KUALA LUMPUR: Bulgarian sports medicine doctor Gueorgui Ananiev Baldjiysky denied providing local athletes with banned substances and was disappointed that several coaches and athletes have turned their backs against him.
Baldjiysky was alleged to have conspired with Malaysian Athletics Federation (MAF) deputy--president Karim Ibrahim (pic) in providing national relay runner Yunus Lasaleh illegal pills and injections.
Yunus, who tested positive for banned substances after winning the 4x400m SEA Games gold medal last November, had implicated Karim and Baldjiysky to have supplied him with the substances during their training camp in Miri in September.
The allegations were supported by 42 national athletes and 16 coaches in a memorandum handed to MAF president Datuk Seri Shahidan Kassim demanding Karim's removal from office.
"I have never given any athlete banned substances, not only in Malaysia but throughout my entire practice as a sports medicine doctor," said Baldjiysky in his letter in response to a legal letter by Karim's lawyer, A. Mahendran.
"I'm very sad that some of the coaches and athletes, whom I had extended my services and financial aid to, have abused me with such deplorable allegations."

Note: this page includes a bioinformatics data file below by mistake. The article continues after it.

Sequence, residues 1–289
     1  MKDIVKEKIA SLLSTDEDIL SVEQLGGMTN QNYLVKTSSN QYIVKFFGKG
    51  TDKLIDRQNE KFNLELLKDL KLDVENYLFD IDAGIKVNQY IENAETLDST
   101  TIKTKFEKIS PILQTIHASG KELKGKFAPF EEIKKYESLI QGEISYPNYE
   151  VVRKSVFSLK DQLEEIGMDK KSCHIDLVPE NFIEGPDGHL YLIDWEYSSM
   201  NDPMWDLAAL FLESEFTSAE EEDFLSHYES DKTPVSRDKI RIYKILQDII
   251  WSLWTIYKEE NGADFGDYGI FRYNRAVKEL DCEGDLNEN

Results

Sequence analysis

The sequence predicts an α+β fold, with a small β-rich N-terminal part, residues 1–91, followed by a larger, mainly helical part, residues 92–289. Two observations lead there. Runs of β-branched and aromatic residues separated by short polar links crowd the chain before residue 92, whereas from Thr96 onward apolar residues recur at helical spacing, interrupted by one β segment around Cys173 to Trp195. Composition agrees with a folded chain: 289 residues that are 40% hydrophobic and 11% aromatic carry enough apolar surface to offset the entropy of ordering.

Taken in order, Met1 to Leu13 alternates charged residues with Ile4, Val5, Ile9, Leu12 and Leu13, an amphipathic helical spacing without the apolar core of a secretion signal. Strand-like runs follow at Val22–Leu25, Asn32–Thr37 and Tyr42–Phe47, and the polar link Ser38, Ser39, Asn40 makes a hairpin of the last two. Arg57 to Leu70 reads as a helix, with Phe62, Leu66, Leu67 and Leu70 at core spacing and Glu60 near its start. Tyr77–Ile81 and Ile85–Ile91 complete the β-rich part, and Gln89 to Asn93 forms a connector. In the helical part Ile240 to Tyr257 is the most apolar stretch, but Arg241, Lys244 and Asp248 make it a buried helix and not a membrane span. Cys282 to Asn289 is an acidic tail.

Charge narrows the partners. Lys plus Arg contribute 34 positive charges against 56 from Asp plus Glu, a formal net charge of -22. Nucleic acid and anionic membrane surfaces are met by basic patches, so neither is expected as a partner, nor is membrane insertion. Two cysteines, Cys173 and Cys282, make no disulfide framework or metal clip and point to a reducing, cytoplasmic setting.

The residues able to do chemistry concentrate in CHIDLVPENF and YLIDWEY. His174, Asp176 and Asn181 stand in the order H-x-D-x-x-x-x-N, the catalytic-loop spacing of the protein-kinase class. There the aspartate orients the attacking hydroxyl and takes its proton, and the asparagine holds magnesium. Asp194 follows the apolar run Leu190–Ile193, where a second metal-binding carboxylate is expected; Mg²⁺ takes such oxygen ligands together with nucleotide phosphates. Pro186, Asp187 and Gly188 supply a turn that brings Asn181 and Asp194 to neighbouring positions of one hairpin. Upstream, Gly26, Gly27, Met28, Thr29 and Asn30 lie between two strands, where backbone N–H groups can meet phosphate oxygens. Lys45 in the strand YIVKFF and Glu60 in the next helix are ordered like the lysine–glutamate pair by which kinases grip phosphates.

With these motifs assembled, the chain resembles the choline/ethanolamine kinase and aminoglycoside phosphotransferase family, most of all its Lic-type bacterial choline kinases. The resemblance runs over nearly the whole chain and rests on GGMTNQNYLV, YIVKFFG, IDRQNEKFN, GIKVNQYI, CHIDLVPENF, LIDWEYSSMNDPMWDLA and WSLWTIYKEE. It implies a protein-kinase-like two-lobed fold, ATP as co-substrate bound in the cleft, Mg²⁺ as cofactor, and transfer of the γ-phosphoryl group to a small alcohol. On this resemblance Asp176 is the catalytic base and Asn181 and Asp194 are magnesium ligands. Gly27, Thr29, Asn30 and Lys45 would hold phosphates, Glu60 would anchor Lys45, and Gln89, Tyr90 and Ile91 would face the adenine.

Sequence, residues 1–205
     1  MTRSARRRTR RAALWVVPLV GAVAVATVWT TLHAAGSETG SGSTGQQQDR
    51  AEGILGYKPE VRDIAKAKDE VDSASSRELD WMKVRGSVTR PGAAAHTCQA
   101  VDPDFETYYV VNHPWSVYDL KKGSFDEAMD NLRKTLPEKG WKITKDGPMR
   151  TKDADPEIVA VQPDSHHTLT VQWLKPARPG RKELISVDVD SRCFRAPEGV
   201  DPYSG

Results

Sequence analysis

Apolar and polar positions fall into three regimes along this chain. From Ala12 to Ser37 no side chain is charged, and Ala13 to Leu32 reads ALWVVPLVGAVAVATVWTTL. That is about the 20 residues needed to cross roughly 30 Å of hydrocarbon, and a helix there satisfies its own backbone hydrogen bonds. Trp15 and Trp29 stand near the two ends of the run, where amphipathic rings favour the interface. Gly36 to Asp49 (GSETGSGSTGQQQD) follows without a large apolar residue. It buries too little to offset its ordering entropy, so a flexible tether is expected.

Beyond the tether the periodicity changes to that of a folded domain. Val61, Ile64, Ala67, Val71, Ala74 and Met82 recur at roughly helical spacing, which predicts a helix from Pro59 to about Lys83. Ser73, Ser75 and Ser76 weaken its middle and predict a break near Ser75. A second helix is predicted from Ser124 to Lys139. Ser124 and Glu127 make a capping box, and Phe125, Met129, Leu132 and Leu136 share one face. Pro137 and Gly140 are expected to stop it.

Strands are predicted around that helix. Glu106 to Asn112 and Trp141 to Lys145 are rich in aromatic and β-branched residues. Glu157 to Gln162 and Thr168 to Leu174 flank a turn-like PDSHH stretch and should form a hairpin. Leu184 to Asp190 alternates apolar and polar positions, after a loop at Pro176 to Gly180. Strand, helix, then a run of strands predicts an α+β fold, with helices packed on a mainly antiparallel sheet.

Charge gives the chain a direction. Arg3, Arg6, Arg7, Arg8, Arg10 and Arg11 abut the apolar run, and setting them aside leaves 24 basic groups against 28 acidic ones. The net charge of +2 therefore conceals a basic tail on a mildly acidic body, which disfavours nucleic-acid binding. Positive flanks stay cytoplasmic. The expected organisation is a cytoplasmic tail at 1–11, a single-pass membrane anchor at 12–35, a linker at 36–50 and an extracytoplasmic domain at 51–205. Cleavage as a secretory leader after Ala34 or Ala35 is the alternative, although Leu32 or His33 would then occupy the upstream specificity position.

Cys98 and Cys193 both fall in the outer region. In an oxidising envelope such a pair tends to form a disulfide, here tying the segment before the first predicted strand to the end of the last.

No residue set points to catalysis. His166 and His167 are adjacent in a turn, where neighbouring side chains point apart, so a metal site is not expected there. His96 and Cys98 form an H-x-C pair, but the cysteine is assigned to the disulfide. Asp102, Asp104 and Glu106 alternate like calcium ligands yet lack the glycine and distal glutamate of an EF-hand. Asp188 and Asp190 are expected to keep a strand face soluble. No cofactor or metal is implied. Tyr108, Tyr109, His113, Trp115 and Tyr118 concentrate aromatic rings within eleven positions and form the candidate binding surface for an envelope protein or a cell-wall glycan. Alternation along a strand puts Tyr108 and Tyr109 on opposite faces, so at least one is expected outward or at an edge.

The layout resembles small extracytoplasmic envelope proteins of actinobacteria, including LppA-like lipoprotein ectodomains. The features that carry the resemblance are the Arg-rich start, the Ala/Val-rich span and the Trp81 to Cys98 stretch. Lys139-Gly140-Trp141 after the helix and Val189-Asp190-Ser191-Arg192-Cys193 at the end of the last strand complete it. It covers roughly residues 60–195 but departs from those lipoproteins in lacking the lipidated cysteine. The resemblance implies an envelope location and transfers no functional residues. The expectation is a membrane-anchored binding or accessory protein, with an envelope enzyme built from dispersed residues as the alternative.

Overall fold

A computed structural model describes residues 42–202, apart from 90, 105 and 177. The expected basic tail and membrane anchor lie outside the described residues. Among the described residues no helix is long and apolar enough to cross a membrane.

In his letter, Mahendran had requested Baldjiysky's presence in Malaysia to testify in an inquiry on the matter, and had also listed the allegations stacked against the duo.
In his response letter, signed by Baldjiysky and validated by a notary public of the District Court of Sofia, he admitted to treating Yunus, several other athletes and even the coaches.
The letter stated Baldjiysky was asked by then chief coach Harun Rasheed and several athletes to visit Malaysia and attend to them for their SEA Games preparations.
Baldjiysky had met Harun in Sliven, Bulgaria, in May 2011 while they were preparing for the World University Games in China and the World Championship in South Korea.
Baldjiysky also said he had only met Karim during his Miri visit and that Yunus was introduced to him by K. Jayabalan, another national coach.
"The track in Miri was very hard. After training, Yunus complained of some overuse symptoms such as interior legs and tendon pains. I gave him strict medical treatment just like the other athletes," he said.
However, the Bulgarian's letter raised suspicion as to why he was ever so willing to help national athletes, as he was not financed by MAF nor the National Sports Council (NSC).
"Malaysian athletes do not appreciate my contribution. I don't wish to come to Malaysia at this juncture but if the inquiry was to be held in Bulgaria, I will give evidence to clear my name here."
An independent inquiry panel headed by former Court of Appeal judge Tan Sri V.C. George began probing the matter last week and was supposed to have concluded last Thursday, but inconsistencies in the statements forced the inquiry to be suspended until July 5.